‘Mother of the community’ respected for helping the needy, her piano talent

By Nick Blank nick@claytodayonline.com
Posted 1/26/22

GREEN COVE SPRINGS – A long-time piano player and first Black teacher to integrate Doctors Inlet Elementary died on Jan. 16. She was 87.

Mary Tuggles taught for 47 years and was well-respected …

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‘Mother of the community’ respected for helping the needy, her piano talent

Posted

GREEN COVE SPRINGS – A long-time piano player and first Black teacher to integrate Doctors Inlet Elementary died on Jan. 16. She was 87.

Mary Tuggles taught for 47 years and was well-respected in the community. She lived through the Civil Rights era, and her daughter Tawana Tuggles said it was difficult for her to see those things and talk about them.

“The type of personality my mother had, whatever she did, she wasn’t a person to talk about it,” Tawana Tuggles said.

Tawana Tuggles said pastors would come to her mother for advice. If someone in the community needed clothes or food, Mary Tuggles was there, her daughter added, even clothes for a person’s wake.

“She took care of needs,” Tawana Tuggles said. “She was a confidant to many. She had a lot of wisdom.”

Several children have benefitted from Mary Tuggles’ attitude and generosity toward education.

“She always pushed education for children and for them to get scholarships and go to college,” Tawana Tuggles said. “She knew that in order to have a good life, you have to be educated.”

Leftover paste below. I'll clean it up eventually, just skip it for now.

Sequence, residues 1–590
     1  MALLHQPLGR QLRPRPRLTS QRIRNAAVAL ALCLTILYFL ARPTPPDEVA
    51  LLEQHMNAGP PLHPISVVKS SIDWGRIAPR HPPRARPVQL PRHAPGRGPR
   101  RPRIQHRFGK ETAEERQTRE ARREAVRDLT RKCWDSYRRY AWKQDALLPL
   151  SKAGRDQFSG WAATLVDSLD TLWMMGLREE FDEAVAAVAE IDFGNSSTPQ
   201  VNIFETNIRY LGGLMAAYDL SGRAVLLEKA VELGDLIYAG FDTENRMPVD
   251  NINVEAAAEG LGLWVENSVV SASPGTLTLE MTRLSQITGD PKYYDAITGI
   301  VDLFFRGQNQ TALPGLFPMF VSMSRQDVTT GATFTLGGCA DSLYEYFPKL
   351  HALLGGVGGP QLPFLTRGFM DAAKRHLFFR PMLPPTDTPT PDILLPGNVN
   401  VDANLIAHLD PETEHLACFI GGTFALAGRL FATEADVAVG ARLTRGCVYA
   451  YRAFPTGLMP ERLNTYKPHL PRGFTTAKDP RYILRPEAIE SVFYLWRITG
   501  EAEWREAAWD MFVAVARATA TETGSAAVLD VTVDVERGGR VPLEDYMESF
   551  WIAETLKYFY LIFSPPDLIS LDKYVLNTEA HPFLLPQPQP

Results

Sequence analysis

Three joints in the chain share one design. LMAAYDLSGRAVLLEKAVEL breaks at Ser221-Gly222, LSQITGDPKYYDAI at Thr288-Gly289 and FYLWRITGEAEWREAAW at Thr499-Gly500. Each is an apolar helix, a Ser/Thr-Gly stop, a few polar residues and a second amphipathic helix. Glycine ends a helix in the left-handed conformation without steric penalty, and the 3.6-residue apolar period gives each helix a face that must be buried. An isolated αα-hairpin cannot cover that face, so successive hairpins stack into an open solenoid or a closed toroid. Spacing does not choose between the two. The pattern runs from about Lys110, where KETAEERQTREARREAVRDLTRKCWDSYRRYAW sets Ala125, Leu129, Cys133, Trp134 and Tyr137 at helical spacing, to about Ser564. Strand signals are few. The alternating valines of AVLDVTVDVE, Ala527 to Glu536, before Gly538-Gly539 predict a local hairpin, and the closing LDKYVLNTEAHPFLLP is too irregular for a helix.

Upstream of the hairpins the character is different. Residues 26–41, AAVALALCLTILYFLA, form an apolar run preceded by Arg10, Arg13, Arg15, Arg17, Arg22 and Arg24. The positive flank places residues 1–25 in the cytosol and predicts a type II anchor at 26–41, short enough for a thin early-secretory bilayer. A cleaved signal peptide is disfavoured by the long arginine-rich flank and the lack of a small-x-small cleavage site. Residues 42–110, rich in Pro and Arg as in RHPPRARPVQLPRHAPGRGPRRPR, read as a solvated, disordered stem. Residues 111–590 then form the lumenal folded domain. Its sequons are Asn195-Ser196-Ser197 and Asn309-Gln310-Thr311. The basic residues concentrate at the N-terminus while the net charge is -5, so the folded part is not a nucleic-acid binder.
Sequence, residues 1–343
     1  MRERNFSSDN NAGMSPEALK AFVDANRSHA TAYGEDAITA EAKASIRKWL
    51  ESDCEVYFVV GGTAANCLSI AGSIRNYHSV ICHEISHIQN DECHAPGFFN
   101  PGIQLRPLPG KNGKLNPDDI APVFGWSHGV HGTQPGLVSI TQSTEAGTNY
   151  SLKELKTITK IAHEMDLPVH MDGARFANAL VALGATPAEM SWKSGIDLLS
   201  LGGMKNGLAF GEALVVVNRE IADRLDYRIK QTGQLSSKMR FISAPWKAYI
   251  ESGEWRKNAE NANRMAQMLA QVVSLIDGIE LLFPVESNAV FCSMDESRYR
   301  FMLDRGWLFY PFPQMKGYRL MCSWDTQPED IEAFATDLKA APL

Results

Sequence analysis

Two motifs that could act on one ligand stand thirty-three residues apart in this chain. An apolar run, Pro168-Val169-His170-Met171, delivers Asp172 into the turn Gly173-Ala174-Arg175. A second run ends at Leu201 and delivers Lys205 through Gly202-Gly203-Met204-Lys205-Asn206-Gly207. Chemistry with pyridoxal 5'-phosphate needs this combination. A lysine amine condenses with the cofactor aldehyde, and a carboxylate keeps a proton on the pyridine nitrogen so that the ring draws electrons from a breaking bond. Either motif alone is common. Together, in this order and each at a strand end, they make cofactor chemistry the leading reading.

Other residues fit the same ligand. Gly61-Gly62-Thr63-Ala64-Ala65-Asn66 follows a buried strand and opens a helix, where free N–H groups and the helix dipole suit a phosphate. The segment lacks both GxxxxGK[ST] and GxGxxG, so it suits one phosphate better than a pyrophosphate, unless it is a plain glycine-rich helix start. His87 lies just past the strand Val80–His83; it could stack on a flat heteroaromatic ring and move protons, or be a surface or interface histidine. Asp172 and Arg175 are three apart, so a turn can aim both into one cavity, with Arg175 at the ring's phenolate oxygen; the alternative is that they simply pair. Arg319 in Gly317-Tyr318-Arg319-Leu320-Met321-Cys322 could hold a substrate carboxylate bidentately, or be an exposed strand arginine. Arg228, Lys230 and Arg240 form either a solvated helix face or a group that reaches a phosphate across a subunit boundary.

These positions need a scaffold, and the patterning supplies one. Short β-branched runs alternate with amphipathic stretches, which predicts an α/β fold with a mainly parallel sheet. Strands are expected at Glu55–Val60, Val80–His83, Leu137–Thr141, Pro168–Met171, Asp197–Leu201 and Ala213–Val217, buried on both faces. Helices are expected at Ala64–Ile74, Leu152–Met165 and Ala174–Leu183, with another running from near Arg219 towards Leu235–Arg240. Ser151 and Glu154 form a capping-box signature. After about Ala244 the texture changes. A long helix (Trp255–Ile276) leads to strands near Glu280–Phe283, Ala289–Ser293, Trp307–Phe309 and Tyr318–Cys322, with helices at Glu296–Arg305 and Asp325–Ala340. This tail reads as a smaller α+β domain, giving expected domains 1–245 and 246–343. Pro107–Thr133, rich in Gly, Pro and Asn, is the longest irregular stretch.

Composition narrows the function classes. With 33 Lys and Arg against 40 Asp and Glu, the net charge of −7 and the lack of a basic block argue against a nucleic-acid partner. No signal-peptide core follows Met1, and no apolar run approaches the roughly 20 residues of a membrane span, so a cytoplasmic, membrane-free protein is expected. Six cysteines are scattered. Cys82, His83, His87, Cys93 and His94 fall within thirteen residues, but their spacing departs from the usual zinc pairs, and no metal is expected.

At the Jan. 17 Martin Luther King Jr. ceremony at Vera Francis Hall Park, Tuggles was honored by three former mayors. Felecia Hampshire, who performed a few songs for the crowd, called Tuggles a living legend and said there were several lessons to learn from her life.

“The short songs we were singing, Mrs. Tuggles taught us all of that,” Hampshire said.

Councilmember Connie Butler said Tuggles upheld King’s goals of knowledge and understanding. Councilmember Van Royal said Tuggles was one of the first residents he met when he was campaigning.

“She said, ‘Van, I just want you to know I expect you to do a good job. I’m going to be watching you and I’m going to call you.’” Royal recalled. “And she did.”

Mary Tuggles stopped playing piano in mid-2019, her daughter said, but she played for more than 70 years. In the 1970s and 1980s, she helped start Clay County Community Chorus and later helped with the development of the Augusta Savage Arts and Community Center. Among her favorite tunes were “Won’t It Be Grand,” “Jesus Is A Rock” and “Oh, How I Love Jesus.”

“Music was very important to her,” her daughter said. “She started playing for churches when she was a teenager basically.”

Other hobbies included cooking and travel, especially to gospel and church conventions.

“She just went everywhere,” Tawana Tuggles said. “Everybody knew her, out of state, in state, they knew her.”

Tuggles’ wake is 4-6 p.m. at First African Missionary Baptist Church on Friday, Jan. 28. Her funeral starts at 11 a.m. a day later at Congregational Holiness Church.

“God called her to be a mother for the community and that’s what she was,” Tawana Tuggles said.

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